Hadhrat Gangohi's statement has been reported in Tazkiratur Rasheed as follows: ­

    "In the beginning we used to study under other teachers but we did not feel satisfied. Sometimes the lesson used to be short and sometimes we would not receive a reply to the searching of our hearts. But when we reached the presence of Maulana Mamluk AIi, we got satisfied and finished the books within a short time, as if he had poured them into our throats in the form of a mixture. There were several good teachers in Delhi in those days but such teachers who might have complete grasp of the meaning and instill it into the student's mind by lecturing on it in different ways, were' only two: one was our teacher Maulana Mamluk Ali and the other, also our teacher, Mufti Sadaruddin Azurda. (Allah's mercy be on them!)

    As regards Hadhrat Maulana Mamluk Ali's academic insight and perception, Maulana Muhammad Yaqub Nanautawi has written that: “before him it was difficult to make progress without grasping the meaning (of a lesson) because he used to make out from the diction whether this fellow (student) has grasped the meaning or not".

     To compute the number of the pupils of Hadhrat Ustazul Asatiza (the teacher of teachers) is very difficult. Amongst his pupils the names of great Ulema like Maulana Muhammad Qasim Nanautawi, Maulana Rasheed Ahmed Gangohi, Maulana Muhammad Yaqub Nanautawi, Mau­lana Muhammad Mazhar Nanautawi, Maulana Ahmed Ali Saharanpuri, Maulana Shaikh Muhammad Thanwi, Maulana Zulfiqar Ali Deobandi, Maulana Fazlur Rahman Deobandi, Maulana Muhammad Munir Nanautawi, Maulawi Jamaluddin Madarul Muhim of Bhopal (chief-minister of the erstwhile Bhopal state), Maulawi Karimuddin Panipati, compiler of the Tazkira-e Tabaqatus Shu'ara, Shamsul Ulema Dr. Ziauddin L.L.D, Maulana Alim Ali Moradabadi, Maulawi Samiullah Dehelwi, Maulana Abdur Rahman Panipati, etc. are especially noteworthy.

     It is stated in Sawaneh Maulana Muhammad Ahsan Nanautawi that Hadhrat Maulana Mamluk Ali had translated the first four and the eleventh and twelfth discourses of Euclid from Arabic. Besides this, he is also reported to have translated the Tirmizi and Trikh-e Yamini.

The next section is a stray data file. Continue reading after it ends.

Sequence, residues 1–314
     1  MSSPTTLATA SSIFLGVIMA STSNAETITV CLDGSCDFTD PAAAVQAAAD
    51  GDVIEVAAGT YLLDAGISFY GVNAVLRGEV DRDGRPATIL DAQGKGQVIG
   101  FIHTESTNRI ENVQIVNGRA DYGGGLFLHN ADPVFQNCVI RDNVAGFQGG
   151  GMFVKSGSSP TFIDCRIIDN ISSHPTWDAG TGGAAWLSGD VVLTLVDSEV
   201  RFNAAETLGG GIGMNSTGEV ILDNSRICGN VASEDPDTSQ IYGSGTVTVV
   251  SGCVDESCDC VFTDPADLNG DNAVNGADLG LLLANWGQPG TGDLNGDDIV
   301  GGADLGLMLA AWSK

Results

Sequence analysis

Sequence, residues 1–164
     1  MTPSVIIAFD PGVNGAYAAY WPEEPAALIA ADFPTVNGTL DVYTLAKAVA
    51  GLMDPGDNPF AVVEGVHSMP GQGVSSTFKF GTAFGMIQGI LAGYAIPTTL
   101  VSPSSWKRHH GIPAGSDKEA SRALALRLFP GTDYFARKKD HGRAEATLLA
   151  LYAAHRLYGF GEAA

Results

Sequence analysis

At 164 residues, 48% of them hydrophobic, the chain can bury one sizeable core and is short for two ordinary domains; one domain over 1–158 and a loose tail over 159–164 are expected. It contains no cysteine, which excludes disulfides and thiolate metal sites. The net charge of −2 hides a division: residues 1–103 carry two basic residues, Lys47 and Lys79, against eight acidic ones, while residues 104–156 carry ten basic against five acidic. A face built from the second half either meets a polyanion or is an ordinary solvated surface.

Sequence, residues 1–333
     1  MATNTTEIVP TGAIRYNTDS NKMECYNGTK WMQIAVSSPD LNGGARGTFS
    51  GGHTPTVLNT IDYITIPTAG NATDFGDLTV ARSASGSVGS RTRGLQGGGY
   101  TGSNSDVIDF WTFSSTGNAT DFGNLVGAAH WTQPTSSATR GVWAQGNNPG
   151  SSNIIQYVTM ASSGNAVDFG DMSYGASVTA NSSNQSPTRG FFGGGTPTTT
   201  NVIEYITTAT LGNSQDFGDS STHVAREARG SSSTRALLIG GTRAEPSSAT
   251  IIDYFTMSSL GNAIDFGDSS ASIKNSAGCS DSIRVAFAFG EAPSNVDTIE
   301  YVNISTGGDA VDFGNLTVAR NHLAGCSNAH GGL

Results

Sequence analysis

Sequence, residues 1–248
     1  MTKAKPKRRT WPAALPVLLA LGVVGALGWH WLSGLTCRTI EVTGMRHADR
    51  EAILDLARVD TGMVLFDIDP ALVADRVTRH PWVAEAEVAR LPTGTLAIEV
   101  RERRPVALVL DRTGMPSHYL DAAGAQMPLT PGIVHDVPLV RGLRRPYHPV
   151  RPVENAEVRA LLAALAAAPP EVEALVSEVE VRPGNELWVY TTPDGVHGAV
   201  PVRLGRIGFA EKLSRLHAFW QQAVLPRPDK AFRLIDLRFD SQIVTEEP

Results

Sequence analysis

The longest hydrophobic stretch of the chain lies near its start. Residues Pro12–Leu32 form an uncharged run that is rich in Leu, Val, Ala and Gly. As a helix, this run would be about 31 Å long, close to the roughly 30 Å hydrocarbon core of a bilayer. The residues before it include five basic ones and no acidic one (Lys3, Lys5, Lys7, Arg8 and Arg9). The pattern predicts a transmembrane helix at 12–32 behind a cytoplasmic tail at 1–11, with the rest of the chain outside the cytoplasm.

He was professor of Arabic sciences in the Delhi College. He died on 11th Zil Hijja 1267/1851, and lies buried in Shah Waliullah's grave yard, 'Mihndiyun', in front of the mosque. His grave is now untraceable.

HADHRAT MAULANA RASHEEDUDDIN KHAN

    He was Hadhrat Shah Rafiuddin's disciple. In the rational and the traditional sciences, particularly in scholastic theology, he was a match­less scholar of his time. Shah Sahib had taught and trained him as his own son, always, thinking of and trying to reform and improve him. After Shah Rafiuddin, Shah Abdul Aziz and Shah Abdul Qadir taught and trained him.

    Though Maulana Rasheeduddin Khan had had perfect proficiency in all sorts of subjects, he had acquired special experience in mathematics, and in those days hardly any man would dare to compete with him in these subjects. He had a prodigious knack in eristic and was an unrivalled litterateur in the Arabic language.

    Besides his knowledge and learning, Maulana Rasheeduddin's asce­ticism (zuhd) and piety (taqwa) were also acknowledged. He used to live a contented life. Once the post of a judge was offered to him but he declined to accept it. In 1825 when the famous Madrasah Ghaziuddin of Delhi was changed into a college, he was appointed as the head teacher of Arabic in it. He used to get a salary of Rs. 100/- p.m. but being magnanimous by nature, he would help, as for as he could, any needy man who approached him. He died in 1249/1833 at nearly seventy years of age.  

HADHRAT SHAH RAFIUDDIN

    He was Shah Abdul Aziz's younger brother and an illustrious divine of the Waliullahian family. He was born in 1163/1749. When Shah Abdul Aziz was no more able to teach due to several ailments and loss of sight, he appointed Shah Rafiuddin in his place. Scholars and students used to flock to Delhi from far off places to derive benefit from Shah Sahib. He was a versatile genius, having mastery over every subject and this peculiarity of his was famous that to the teaching of whichever subject he turned his attention; it seemed as if that very subject was his specialty. As regards his command ever mathematics, Shah Abdul Aziz used to remark that:

    "Maulawi Rafiuddin has advanced so much in mathematics that per­haps its inventor too must not have advanced so much".

     At another place he says: ­

     "There must be no match to Maulawi Rafiuddin in India and abroad in the subject of mathematics".

     Amongst his works the Urdu translation of the holy Quran, Muqa­ddamatul Ilm, Takmilul Azhan, Asrarul Muhabbat, and Qiyamat Nama are very famous. He died in 1233/1817 and lies in eternal rest in his family graveyard.

    The late Sir Syed Ahmed Khan writes: ­

     “All the reputed scholars of India are the beneficiaries of his (Shah Rafiuddin's) grace-gifting person. He had such aptitude with each subject that he used to teach diverse subjects and different sciences at one and the same time. When he diverted his attention from the teaching of one to that of another the audience would feel as if the dress of uni­queness in the same subject had been cut for the body of his talent. These accomplishments notwithstanding, his imparting of the esoteric grace was such that had Junayd of Baghdad and Hasan of Basra lived in his time they would have indubitably considered themselves the lowest beneficiaries”.